Inorganic and hybrid (organic-inorganic) modifications to synthetic fibrous materials have drawn significant interest for their ability to impart optical and mechanical properties. We will explore the luminescent, optical absorption, and barrier influence imparted upon fabrics by use of novel metallo-organic vapor exposures that react with the outer surface of the fabric. During exposure to these vapors, a reactive infiltration occurs into the bulk of the polymer, forming a hybrid material that shows unique properties. Specifically, research findings on the degree of infiltration of trimethylaluminum (TMA, a precursor commonly used in the formation Al2O3) into polyesters is provided. Process-property relationships are provided that exhibit the unique materials characteristics of the hybrid modification. TME infiltration into polyethylene terephthalate shows significant alterations in UV absorption and photoluminescence.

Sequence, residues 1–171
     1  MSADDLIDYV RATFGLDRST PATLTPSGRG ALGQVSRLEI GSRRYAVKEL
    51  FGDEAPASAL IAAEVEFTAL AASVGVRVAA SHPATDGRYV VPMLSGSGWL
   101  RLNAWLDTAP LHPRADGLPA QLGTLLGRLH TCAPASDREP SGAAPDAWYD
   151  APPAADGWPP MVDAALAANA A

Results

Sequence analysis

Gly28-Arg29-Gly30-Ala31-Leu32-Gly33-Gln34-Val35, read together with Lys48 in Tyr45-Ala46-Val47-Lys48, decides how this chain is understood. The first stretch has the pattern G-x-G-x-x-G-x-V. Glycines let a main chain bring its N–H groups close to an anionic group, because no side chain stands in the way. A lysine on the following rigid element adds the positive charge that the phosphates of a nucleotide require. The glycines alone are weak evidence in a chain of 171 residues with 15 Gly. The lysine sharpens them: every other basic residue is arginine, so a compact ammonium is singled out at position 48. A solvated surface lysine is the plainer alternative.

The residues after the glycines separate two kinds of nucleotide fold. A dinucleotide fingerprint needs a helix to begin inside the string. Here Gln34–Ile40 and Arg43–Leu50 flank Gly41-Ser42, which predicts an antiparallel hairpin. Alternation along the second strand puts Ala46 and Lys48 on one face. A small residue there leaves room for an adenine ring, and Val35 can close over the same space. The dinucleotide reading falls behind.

Single PPTA Fiber Tensile Test under High Strain Rate Loading
Jae Hyun Kim, National Institute of Standards and Technology
The mechanical properties of high strength polymer fibers are often measured at many orders of magnitude slower rates, although the fibers deform at high rates during ballistic impact. A modified Kolsky bar first proposed by Cheng et al. was used, employing a direct fiber gripping method, allowing the measurement of fiber tensile properties at high rate loading, avoiding the adhesive wicking and low throughput of the original design. A single fiber tensile test method at high rates will be introduced and the tensile strengths and failure strains measured at different rates will be discussed.